A vulnerability affecting emergency alert systems supplied by ATI Systems, one of the leading suppliers of warning sirens in the USA, could be exploited remotely via radio frequencies to activate all the sirens and trigger false alarms. From a report: "We first found the vulnerability in San Francisco, and confirmed it in two other US locations including Sedgwick County, Wichita, Kansas," Balint Seeber, Director of Threat Research at Bastille, told Help Net Security. "Although we have not visited other locations to confirm the presence of the vulnerability, ATI Systems has customers in the US and overseas from the military, local government, educational and energy sectors.

"ATI features customers on its website around the US including One World Trade Center, WestPoint Military Academy and Entergy Nuclear Indian Point which are all in New York State, UMASS Amherst in Massachusetts, Eastern Arizona College, University of South Carolina and Eglin Air Force Base in Florida, amongst others." The vulnerability stems from the fact that the radio protocol used to control the sirens is not secure: activation commands are sent "in the clear," i.e. no encryption is used.

Mozilla

Firefox Follows Chrome and Blocks the Loading of Most FTP Resources (bleepingcomputer.com) 89

Mozilla says it will follow in the steps of Google Chrome and start blocking the loading of FTP subresources inside HTTP and HTTPS pages. From a report: By FTP subresources, we refer to files loaded via the FTP protocol inside img, script, or iframe tags that have a src="ftp://". FTP links placed inside normal angle bracket links or typed directly in the browser's address bar will continue to work. The reasoning is that FTP is an insecure protocol that doesn't support modern encryption techniques and will inherently break many other built-in browser security and privacy features, such as HSTS, CSP, XSA, or others. Furthermore, many malware distribution campaigns often rely on compromising FTP servers and redirecting or downloading malware on users' computers via FTP subresources. Mozilla engineers say FTP subresource blocking will ship with Firefox 61, currently scheduled for release on June 26.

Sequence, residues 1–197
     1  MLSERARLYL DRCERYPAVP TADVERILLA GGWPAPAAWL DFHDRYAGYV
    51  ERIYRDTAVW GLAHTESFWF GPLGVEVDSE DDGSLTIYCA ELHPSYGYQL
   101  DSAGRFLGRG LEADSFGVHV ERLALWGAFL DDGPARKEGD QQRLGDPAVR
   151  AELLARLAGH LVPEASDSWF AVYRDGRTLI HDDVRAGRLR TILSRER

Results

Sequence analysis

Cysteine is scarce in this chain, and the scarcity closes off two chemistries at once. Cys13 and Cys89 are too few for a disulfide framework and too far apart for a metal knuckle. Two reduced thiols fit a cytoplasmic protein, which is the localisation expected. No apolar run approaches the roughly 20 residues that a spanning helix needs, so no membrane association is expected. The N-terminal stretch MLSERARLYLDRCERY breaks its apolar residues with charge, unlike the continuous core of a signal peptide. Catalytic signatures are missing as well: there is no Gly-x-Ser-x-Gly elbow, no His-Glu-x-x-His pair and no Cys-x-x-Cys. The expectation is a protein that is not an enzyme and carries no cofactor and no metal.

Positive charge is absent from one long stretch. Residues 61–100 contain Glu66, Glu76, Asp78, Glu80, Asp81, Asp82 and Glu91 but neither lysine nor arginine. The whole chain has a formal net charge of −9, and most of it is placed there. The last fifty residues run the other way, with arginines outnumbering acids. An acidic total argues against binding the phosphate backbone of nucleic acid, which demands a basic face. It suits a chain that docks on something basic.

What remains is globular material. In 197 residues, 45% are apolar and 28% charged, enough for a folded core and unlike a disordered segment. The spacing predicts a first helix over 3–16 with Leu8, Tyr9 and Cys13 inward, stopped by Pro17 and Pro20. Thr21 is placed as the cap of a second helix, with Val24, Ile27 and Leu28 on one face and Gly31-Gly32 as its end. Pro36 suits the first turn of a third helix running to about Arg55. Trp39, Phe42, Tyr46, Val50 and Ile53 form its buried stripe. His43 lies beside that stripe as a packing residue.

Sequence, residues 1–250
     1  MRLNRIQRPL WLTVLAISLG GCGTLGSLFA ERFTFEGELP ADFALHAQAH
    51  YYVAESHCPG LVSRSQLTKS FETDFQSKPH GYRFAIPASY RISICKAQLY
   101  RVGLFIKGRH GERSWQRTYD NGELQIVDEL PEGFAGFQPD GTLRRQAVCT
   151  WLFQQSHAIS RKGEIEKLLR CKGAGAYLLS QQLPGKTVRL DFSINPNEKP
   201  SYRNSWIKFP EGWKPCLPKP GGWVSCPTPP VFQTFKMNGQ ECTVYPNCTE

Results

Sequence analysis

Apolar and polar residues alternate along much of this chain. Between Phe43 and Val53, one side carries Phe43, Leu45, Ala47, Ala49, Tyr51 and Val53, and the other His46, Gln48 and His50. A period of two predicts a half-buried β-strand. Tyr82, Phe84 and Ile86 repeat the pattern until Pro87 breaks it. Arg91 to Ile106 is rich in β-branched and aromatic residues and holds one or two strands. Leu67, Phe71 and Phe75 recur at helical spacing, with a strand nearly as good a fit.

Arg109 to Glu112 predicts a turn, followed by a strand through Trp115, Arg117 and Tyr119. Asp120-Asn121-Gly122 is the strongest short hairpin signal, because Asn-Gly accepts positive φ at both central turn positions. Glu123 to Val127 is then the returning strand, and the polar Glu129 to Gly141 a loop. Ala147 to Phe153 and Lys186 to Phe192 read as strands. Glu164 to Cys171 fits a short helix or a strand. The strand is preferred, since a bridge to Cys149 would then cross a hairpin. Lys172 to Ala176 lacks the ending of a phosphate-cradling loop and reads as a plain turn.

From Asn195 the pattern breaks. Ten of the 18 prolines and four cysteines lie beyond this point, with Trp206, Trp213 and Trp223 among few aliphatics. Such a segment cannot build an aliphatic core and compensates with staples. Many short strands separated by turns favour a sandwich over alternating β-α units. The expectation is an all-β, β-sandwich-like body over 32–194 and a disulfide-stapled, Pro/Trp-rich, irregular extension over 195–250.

Communications

Russia Files Lawsuit To Block Telegram Messaging App (reuters.com) 70

Russia's state communications watchdog, Roskomnadzor, has filed a lawsuit to block Telegram in the country because the instant messaging company has refused to hand over the encryption keys that would allow Russian authorities to read messages sent using the service. From a report: Ranked as the world's ninth most popular mobile messaging app, Telegram is widely used in countries across the former Soviet Union and Middle East. Active users of the app reached 200 million in March. As part of its services, Telegram allows users to communicate via encrypted messages which cannot be read by third parties, including government authorities. But Russia's FSB Federal Security service has said it needs access to some messages for its work, including guarding against terrorist attacks. Telegram has refused to comply with its demands, citing respect for user privacy.